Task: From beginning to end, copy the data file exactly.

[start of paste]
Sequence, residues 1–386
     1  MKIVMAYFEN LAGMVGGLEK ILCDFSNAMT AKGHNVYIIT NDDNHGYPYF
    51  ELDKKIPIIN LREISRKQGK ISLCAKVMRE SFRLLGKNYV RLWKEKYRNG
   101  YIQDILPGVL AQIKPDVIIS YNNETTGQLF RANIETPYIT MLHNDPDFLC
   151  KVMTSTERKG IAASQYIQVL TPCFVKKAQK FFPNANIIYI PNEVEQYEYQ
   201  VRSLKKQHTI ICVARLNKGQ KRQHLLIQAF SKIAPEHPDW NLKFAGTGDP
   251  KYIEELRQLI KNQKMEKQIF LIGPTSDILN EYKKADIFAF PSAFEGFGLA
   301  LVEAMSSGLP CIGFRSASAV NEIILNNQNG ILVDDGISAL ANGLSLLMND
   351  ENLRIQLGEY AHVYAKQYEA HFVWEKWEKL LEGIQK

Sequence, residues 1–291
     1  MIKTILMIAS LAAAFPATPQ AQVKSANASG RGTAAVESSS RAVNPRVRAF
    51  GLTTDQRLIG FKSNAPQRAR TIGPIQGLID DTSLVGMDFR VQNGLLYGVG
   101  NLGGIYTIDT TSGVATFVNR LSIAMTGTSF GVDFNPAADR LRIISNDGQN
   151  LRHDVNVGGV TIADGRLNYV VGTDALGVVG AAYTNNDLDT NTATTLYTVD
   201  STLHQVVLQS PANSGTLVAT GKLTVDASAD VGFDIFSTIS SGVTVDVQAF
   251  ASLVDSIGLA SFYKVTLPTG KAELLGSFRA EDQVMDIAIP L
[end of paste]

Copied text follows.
Sequence, residues 1–386
     1  MKIVMAYFEN LAGMVGGLEK ILCDFSNAMT AKGHNVYIIT NDDNHGYPYF
    51  ELDKKIPIIN LREISRKQGK ISLCAKVMRE SFRLLGKNYV RLWKEKYRNG
   101  YIQDILPGVL AQIKPDVIIS YNNETTGQLF RANIETPYIT MLHNDPDFLC
   151  KVMTSTERKG IAASQYIQVL TPCFVKKAQK FFPNANIIYI PNEVEQYEYQ
   201  VRSLKKQHTI ICVARLNKGQ KRQHLLIQAF SKIAPEHPDW NLKFAGTGDP
   251  KYIEELRQLI KNQKMEKQIF LIGPTSDILN EYKKADIFAF PSAFEGFGLA
   301  LVEAMSSGLP CIGFRSASAV NEIILNNQNG ILVDDGISAL ANGLSLLMND
   351  ENLRIQLGEY AHVYAKQYEA HFVWEKWEKL LEGIQK

Sequence, residues 1–291
     1  MIKTILMIAS LAAAFPATPQ AQVKSANASG RGTAAVESSS RAVNPRVRAF
    51  GLTTDQRLIG FKSNAPQRAR TIGPIQGLID DTSLVGMDFR VQNGLLYGVG
   101  NLGGIYTIDT TSGVATFVNR LSIAMTGTSF GVDFNPAADR LRIISNDGQN
   151  LRHDVNVGGV TIADGRLNYV VGTDALGVVG AAYTNNDLDT NTATTLYTVD
   201  STLHQVVLQS PANSGTLVAT GKLTVDASAD VGFDIFSTIS SGVTVDVQAF
   251  ASLVDSIGLA SFYKVTLPTG KAELLGSFRA EDQVMDIAIP L